Saturday, 21 January 2023

The Durham Run - Redcar King Eider

I kicked off this year's out of county birding rather gently with a run back up to Durham to take Daughter #1 back up there where she is currently finishing off her PhD. As usual I had a good look around to see what might be on offer in the North East whilst I was up there but there was nothing to tempt me apart from the long staying 2nd winter King Eider at Redcar. So rather than busting a gut to get up there early doors, instead we had a more leisurely departure from Oxford at sometime after 10 am, arriving after 2pm where after lunch we went for a walk along the River Wear to look for Dippers. Unfortunately the river was too flooded and their favoured area was too fast and deep. There were a few Goosander on the river and the moonrise over the river was rather spectaclular.

Moorise over the River Wear

The next day I was up and out of the house by 8am and a little before 9am I was pulling up along the Redcar seafront. Unfortunately the weather was blowing a gale and lashing down with rain - not exactly ideal! I made an attempt to scope from the roadside and managed to locate the Eider flock at least but the flock was so far away and the scope shaking wind made it difficult to make anything out. PC, whom I knew from the internet to be one of the top listers in the country, turned up and I filled him in on my findings. I decided to go down onto the shoreline to try to get closer, at the expense of the elevation of course. It was still pretty hopeless.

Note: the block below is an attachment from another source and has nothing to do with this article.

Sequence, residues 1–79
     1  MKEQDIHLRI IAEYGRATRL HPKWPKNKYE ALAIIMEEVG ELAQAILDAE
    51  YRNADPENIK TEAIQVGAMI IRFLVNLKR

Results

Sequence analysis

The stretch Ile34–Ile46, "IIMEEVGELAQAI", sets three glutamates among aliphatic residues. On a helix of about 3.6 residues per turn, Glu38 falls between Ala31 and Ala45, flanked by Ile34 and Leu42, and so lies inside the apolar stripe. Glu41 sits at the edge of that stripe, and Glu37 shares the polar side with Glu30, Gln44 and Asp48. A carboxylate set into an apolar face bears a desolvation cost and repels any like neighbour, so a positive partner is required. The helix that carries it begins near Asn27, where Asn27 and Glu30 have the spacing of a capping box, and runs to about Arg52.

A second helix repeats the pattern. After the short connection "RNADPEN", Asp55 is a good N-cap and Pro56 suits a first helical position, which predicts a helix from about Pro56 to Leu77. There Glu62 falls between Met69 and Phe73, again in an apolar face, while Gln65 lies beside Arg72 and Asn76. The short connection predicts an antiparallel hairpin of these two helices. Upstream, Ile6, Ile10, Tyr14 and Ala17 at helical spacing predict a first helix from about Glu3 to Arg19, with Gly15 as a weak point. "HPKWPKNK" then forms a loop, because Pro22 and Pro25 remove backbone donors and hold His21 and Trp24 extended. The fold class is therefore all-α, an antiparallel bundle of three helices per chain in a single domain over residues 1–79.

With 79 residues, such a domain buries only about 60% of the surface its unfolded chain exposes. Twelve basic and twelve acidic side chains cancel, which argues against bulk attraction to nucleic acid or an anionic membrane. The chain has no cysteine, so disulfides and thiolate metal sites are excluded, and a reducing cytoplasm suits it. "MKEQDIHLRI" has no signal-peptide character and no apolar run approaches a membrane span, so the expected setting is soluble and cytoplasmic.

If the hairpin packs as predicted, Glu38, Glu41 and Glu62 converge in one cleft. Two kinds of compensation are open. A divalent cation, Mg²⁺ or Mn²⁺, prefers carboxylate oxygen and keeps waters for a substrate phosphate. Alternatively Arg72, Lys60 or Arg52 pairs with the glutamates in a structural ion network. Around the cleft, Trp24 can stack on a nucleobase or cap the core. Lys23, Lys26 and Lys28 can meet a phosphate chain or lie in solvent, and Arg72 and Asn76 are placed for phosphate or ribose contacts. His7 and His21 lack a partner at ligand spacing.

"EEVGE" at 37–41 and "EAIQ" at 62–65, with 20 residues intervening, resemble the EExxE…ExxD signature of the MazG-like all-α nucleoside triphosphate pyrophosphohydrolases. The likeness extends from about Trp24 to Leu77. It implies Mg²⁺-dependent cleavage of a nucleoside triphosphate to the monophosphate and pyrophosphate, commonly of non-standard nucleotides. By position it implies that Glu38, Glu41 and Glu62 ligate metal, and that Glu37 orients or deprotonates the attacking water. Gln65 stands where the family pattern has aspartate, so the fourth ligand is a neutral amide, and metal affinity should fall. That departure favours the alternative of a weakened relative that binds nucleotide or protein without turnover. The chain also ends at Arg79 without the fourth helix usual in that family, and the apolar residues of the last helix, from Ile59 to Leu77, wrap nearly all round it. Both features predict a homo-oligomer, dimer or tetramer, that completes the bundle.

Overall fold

The view of the sea from Redcar sea front

PC came over to say that he'd managed to see the bird and to check if I'd seen it - that was considerate of him! In the end I retired to the car where I realised that I could set up my scope and have a clear line of sight to the Eider flock. Sheltered from the wind and rain finally I started to get views good enough to make out the birds though this was at 60x magnification and even then they were tiny specks. Eventually I picked out the bird and had clear enough views to be positive about what I was looking at. Result!


By far the best photo of the bird I've seen, taken by Damian Money (c) (@damian_money on Twitter)

This was my third King Eider: my first was the long staying individual at the Ythan estuary up in Scotland and my second was a distant bird in Cornwall that I really had to work for. 


A reminder of the Ythan bird that I managed to see at my second attempt

This had taken me until midday so now it was time to pack up, and head off home. I stopped en route to buy a sandwich and to eat it in the carpark and with a friend's podcast to listen to on the way back I arrived back in Oxford sometime after 4pm for a celebratory cup of tea. It had been a low key but satisfactory start to the new birding year.




1 comment:

Dave said...

How confiding is the Eider, perfect opportunity for THAT photo
Great work